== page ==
Comes with a Smile # reviews
news | current issue | back issues | the songs | interviews | reviews
images | web exclusives | top 10 | history | search
search

cwas#13 / cwas#12 / cwas#11 / cwas#9 / cwas#8 / cwas#7
cwas#6 / cwas#4 / all reviews / search

The Post | Hasten The Homecoming (Jalisco)
You'd be forgiven for running a mile from this, The Post's follow up to their near-impenetrable debut 'Backwards' ?? an album full not so much of music, but rather randomly assembled snippets of noise. It was an unsightly patchwork of a record ?? full of individual squares of excellence, but an unfulfilling experience overall. However, 'Hasten The Homecoming' is anything but unfulfilling. The trio have found a fondness for melody amongst their yearnings for bass-heavy drone rock, and aren't shy in promoting them to the fore. Occasionally they come unstuck ?? Drift's awkward midsection makes the more unwieldy moments of Blur's '13' sound like 'Parklife' ?? but tracks like Clockspring Bird and the Scout Niblett-assisted At Rest are quite remarkable. 'Hasten...' was recorded over two sessions, both of which were held in remote places ?? one a barn in the middle of a wood, the other in a windowless 5,000 square foot warehouse ?? and feelings of isolation and loneliness are rife throughout the record. Yet for all Oliver Boch's mournful vocals (think Thom Yorke, David Byrne, Nick Cave and Ian Curtis singing in a barber shop quartet) and down-tuned bass, there's a real sense of hope come the album's closer, Teddy. Echo Cave's Red Right Hand it may do, at least at first, but there's real beauty lurking just below the initial menace, and as the guitar picks up pace halfway through, writhing like a serpent in the listener's belly, the dark clouds lift and the sun shines as brightly as it ever has. If only they'd had windows to see it.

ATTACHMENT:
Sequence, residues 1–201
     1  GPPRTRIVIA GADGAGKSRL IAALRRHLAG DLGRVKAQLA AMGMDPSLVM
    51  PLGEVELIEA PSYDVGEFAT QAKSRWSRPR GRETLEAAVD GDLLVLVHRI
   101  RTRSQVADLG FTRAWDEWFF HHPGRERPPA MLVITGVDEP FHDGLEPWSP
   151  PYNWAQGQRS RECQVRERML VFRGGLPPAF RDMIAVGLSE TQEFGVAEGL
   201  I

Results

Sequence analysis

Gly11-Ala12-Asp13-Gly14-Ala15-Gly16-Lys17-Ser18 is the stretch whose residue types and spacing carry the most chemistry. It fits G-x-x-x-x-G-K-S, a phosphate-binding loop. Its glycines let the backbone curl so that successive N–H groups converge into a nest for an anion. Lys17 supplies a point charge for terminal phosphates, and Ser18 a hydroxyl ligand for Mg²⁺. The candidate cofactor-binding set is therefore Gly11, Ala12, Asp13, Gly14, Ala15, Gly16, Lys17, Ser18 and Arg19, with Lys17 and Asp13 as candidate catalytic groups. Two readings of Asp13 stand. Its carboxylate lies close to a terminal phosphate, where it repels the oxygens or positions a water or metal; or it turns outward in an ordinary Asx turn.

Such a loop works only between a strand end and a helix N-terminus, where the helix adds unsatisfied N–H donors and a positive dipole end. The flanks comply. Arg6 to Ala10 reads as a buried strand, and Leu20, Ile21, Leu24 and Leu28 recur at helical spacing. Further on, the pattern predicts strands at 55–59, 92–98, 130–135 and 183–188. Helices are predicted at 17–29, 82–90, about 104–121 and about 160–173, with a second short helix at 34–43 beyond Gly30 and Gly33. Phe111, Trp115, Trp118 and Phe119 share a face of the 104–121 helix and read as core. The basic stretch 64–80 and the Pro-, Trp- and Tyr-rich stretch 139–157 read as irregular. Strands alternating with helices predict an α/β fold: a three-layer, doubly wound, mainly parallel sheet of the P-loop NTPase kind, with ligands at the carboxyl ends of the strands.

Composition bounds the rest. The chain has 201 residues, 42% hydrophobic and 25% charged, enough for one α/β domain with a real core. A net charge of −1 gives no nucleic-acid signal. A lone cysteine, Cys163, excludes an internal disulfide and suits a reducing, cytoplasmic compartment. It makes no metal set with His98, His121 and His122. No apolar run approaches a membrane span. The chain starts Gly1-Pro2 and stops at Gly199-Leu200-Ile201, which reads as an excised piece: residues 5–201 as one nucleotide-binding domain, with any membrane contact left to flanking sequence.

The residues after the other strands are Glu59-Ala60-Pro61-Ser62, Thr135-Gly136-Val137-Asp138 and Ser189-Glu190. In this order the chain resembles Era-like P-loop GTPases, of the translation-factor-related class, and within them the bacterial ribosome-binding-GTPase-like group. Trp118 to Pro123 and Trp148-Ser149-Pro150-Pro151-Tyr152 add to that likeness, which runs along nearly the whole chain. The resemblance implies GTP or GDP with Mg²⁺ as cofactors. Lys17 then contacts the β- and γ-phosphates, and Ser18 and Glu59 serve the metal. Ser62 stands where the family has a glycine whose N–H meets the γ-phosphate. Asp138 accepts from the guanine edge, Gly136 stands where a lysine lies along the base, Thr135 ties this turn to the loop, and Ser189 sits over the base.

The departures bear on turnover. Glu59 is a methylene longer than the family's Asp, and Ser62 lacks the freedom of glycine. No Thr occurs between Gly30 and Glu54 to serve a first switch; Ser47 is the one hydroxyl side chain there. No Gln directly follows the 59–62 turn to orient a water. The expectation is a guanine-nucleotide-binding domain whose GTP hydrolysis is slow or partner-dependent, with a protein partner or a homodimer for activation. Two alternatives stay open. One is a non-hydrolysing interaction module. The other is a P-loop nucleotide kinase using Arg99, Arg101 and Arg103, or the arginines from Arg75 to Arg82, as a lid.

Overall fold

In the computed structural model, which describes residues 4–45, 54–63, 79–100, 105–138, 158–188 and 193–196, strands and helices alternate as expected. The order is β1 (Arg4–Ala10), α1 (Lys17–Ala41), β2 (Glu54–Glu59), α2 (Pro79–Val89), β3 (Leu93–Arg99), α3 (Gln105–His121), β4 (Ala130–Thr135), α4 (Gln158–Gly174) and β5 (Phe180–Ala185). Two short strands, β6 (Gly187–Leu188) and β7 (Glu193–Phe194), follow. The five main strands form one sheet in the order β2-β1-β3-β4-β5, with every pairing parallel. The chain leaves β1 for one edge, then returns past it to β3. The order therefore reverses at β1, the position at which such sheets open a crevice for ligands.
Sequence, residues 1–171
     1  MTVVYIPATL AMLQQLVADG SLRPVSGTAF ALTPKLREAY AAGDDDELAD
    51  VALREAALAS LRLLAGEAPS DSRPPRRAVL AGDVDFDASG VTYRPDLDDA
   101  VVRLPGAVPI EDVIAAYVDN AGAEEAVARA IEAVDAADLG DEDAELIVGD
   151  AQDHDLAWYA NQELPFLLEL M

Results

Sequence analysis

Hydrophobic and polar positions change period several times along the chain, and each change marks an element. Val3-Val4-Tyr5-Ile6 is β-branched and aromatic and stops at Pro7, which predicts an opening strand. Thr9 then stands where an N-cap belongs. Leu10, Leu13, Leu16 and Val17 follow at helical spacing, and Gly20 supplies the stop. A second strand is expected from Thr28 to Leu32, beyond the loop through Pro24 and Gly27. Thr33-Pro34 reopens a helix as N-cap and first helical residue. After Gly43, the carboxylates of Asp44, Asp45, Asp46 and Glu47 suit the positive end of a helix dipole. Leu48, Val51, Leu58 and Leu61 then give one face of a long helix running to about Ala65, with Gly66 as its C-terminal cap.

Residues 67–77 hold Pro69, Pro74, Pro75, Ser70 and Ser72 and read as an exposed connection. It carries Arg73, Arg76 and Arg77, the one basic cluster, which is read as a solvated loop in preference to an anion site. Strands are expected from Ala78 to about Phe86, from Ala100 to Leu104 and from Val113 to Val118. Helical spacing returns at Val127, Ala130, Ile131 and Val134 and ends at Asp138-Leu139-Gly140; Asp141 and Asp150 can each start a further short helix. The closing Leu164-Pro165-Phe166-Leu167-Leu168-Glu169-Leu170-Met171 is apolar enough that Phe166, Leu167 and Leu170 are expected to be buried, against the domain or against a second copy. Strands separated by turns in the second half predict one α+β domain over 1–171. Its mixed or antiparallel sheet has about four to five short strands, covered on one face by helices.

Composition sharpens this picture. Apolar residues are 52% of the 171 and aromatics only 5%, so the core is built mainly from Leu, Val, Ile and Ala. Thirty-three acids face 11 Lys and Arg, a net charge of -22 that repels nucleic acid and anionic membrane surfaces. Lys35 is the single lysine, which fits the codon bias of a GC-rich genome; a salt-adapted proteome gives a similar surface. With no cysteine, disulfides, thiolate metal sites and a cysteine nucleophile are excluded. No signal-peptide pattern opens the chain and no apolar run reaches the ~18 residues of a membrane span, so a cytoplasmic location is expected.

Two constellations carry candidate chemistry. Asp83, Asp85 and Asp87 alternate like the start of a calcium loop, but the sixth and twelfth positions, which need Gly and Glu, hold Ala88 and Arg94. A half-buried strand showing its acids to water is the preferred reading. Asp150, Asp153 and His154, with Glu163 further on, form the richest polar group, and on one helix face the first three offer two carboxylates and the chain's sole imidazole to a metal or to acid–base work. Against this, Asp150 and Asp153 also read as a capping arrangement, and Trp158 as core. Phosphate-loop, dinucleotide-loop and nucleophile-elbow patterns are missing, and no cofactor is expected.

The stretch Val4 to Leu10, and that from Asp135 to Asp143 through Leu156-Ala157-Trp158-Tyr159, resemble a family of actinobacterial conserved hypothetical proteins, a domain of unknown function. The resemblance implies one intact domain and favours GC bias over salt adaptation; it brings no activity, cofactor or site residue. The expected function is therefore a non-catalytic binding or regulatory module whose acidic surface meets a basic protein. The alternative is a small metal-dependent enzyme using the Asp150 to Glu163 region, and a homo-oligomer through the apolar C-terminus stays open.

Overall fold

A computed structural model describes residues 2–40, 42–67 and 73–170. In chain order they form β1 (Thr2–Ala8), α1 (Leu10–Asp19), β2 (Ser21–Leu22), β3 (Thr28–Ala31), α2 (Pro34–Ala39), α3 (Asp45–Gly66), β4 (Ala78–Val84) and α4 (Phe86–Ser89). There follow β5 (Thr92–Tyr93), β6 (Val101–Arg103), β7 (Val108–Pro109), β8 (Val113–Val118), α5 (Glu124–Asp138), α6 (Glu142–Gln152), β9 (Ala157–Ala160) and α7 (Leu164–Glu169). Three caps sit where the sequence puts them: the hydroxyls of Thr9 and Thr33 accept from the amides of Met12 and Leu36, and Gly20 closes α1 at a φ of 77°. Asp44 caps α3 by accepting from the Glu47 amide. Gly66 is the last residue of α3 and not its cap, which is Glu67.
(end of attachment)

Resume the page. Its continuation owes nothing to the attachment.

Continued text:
Mike Diver
CWAS #13 - Autumn 2003

back